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Re: using IRR tools for BGP route filtering
From: Danny McPherson <danny () tcb net>
Date: Wed, 21 Jun 2000 22:11:03 -0600



i emphatically DO NOT think that large providers should filter other
peers. i think the large providers should filter their own announcements,
by carefully verifying what a downstream wishes to announce before
accepting it, filtering the customer announcements, and aggregating their
announcements to peers. 

I believe Randy's point is that it'd be really nice to filter prefixes 
learned from peers, but even if the routing databases were up to date, 
reliable and useful, the routers can't perform the policy matches against
filters fast enough.  

And I agree completely.  The fact that pretty much any network with an
AS number could take any Internet subnet completely offline in a matter 
of -- what, ~8 minutes(?), intentionally or unintentionally, well, 
I think it's pretty amazing.  The only way a service provider can protect
their customers from this is by applying prefix-based filtering to all
their peers.


Of course, this requires valid, accessible, up to date IP registration
information.  It also routers that can store hundreds of thousands of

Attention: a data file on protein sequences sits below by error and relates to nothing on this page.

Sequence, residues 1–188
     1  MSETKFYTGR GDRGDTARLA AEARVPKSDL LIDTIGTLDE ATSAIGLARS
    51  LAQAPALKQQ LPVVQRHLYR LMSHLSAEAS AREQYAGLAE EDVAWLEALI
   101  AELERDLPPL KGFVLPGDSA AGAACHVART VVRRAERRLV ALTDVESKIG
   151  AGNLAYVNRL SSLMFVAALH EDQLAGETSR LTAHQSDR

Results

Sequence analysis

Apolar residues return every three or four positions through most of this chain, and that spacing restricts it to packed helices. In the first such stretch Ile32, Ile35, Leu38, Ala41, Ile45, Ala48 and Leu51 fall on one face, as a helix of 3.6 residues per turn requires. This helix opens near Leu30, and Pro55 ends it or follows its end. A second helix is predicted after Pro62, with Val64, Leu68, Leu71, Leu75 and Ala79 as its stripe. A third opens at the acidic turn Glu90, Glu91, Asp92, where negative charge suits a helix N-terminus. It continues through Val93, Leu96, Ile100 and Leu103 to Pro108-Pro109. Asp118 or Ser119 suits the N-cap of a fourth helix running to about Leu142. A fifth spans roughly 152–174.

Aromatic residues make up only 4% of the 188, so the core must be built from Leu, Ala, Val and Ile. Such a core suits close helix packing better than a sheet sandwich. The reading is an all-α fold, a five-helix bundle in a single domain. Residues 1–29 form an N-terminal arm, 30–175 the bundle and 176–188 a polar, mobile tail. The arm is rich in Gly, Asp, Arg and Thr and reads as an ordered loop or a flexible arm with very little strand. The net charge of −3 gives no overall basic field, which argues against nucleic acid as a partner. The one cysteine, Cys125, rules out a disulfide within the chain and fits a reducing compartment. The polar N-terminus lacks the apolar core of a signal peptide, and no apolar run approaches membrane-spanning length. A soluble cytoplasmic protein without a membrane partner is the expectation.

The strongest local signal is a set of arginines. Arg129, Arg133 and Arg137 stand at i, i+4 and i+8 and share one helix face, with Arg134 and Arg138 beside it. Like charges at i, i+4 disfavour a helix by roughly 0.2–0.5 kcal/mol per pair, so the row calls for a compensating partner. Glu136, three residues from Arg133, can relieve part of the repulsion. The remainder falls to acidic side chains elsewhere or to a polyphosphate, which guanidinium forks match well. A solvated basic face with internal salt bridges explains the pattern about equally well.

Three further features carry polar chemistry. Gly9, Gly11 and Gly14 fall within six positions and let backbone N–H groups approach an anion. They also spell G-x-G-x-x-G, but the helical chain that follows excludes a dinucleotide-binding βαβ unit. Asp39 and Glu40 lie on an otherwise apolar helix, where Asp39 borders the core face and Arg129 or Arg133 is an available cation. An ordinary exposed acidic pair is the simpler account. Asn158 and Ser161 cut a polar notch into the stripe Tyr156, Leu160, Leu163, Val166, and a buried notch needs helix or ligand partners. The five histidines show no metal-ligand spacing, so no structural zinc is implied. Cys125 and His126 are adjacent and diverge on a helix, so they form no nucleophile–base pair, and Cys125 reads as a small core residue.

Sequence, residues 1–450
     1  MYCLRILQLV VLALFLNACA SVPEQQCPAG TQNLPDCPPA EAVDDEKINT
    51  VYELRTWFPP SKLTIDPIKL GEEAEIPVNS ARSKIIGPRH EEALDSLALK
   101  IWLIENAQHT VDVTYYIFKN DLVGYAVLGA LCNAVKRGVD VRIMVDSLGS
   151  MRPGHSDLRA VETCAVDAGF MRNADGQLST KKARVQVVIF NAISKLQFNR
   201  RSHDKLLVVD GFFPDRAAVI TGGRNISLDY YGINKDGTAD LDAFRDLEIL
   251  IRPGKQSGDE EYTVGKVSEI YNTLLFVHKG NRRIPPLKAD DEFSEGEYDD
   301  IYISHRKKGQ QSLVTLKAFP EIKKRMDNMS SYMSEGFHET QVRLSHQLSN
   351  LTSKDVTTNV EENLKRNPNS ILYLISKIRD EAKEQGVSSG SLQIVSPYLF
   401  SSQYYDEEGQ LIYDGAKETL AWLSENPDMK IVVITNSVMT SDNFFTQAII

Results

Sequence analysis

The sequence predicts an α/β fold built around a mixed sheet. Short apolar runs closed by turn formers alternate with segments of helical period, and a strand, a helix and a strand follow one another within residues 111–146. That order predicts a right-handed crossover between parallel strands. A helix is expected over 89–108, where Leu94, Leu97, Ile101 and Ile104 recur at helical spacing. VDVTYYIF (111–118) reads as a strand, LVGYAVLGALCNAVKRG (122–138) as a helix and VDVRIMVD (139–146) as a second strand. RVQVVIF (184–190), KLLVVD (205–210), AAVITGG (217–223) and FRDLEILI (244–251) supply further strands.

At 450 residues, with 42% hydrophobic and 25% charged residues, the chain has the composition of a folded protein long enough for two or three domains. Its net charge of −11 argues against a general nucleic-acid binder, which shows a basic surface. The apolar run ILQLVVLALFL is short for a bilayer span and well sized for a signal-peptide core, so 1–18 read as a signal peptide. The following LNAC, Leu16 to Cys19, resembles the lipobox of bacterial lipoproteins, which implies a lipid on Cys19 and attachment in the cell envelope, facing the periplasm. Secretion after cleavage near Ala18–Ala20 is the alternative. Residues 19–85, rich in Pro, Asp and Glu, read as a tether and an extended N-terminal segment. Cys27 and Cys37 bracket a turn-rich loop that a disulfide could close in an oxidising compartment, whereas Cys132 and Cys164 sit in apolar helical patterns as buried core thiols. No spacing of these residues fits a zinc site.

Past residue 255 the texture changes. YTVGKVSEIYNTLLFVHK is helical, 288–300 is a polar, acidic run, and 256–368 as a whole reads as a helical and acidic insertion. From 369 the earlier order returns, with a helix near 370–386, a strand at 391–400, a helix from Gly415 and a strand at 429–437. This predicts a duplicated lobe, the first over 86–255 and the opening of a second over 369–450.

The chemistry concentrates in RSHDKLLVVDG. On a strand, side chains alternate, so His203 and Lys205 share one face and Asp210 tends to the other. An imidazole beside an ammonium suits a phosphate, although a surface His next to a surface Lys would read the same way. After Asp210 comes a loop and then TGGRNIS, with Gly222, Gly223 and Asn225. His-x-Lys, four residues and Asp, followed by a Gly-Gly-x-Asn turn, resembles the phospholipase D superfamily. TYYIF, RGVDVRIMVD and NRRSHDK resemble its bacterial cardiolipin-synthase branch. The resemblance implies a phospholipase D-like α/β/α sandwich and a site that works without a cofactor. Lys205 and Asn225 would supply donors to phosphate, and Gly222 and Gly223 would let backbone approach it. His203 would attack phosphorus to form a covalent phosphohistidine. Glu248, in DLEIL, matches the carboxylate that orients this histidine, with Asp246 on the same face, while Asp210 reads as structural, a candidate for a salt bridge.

lines of policies.  Then, the routers have to be able to perform matches
on the policies when processing updates.  All this is at the "control
plane".

Then, ideally, the routers would be able to utilize the same set of 
policies to perform packet filtering functions in the "data plane",
which is even more interesting.

These two components alone would make the overall Internet 
infrastructure far more reliable and secure than it is today,
no doubt.

i think its silly to try and regulate the world from ones own corner. 
regulate your corner, and encourage others to do the same. i don't care if
said encouragement is by tacit agreememnt, or bound up in legealese in
peering agreements.

I don't think it's silly at all to regulate the policies one employs in
in their network in order to increase overall destination availability 
to ones customers.  Policies of this nature only require support of the
network that implements them.  Other than requiring peers to keep registry 
information up to date, they impact the peer networks no way whatsoever.

-danny





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